Software // Operating Systems
04:01 PM

Ozzie Was No Wizard For Microsoft In Massachusetts

Chief software architect took over five years ago, but R&D in Bay State never quite meshed with Redmond.

After Bill Gates and Paul Allen created their first Microsoft software program in Cambridge, Mass., it’s been mostly downhill for the company’s R&D in the Bay State. The latest blow came Monday with the announcement that chief software architect Ray Ozzie would leave Microsoft.

Appointed five years ago to fill the software architecting void left by Gates’ move to chairman, Ozzie, a close friend of Gates’, was named to take Microsoft in new profitable directions and to reinvigorate the R&D facilities in Cambridge. The drive immediately took on a competitive flavor because Google was developing its own R&D operation in Kendall Square, near Microsoft’s offices in the shadow of MIT.

Almost immediately, problems surfaced for Microsoft in Cambridge. There was litigation with database provider InterSystems, which battled Microsoft over office space at One Memorial Drive.

The company’s Startup Labs operation, which had started promisingly, ran into early difficulties when its director, Reed Sturtevant, suddenly left in October 2009.Like Ozzie, Sturtevant had worked at Lotus Development Corp., which rode Ozzie’s Lotus Notes to fame and fortune. Microsoft said the Startup Labs would be combined with its Rich Media Lab, both to be run from Redmond’s MRS Creative Systems.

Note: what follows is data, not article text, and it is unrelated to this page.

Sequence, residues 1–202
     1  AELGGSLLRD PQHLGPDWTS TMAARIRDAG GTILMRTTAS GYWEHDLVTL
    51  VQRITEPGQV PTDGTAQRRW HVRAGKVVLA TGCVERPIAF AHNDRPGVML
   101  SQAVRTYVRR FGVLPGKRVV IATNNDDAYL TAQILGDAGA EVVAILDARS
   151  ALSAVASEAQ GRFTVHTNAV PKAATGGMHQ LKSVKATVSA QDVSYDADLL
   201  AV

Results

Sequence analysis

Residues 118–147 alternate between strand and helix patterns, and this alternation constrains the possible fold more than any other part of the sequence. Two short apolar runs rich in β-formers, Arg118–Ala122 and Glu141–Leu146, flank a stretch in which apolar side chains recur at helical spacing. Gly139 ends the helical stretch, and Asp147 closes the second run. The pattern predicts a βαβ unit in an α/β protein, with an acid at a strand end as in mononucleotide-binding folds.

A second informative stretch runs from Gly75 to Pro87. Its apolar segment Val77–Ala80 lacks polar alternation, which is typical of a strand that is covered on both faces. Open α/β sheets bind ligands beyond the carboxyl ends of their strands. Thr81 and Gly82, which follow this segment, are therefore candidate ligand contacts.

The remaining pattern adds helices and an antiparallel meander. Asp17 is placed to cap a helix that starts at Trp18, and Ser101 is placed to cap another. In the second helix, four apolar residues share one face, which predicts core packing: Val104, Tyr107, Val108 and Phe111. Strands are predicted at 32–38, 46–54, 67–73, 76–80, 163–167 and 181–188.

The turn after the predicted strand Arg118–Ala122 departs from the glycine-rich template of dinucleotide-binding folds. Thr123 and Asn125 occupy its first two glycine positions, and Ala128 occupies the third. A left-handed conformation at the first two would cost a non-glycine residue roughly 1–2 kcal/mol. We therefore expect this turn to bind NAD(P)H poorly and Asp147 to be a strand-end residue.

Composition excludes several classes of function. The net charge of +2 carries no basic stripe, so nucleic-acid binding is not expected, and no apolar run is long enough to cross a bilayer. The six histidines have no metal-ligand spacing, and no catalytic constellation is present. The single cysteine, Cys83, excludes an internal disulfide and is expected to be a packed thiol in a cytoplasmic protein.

Lili Cheng was named to head the new operation and report to Ozzie. The bicoastal life led by Ozzie seemed to fly in the face of cohesive management, as Microsoft struggled to coordinate several operations in Massachusetts, and Ozzie reportedly couldn’t properly coordinate with rebellious units in Washington State.

At the same time, the pressure on Microsoft to develop facilities in Massachusetts was mounting. In a controversy over ODF standards precipitated by the Massachusetts state CIO, IBM and Sun Microsystems pointedly noted that Microsoft had relatively few employees and facilities in the Bay State, putting pressure on the software giant to beef up its Massachusetts operations. The controversy has faded, and so has pressure on Microsoft to create more jobs and facilities in Massachusetts.


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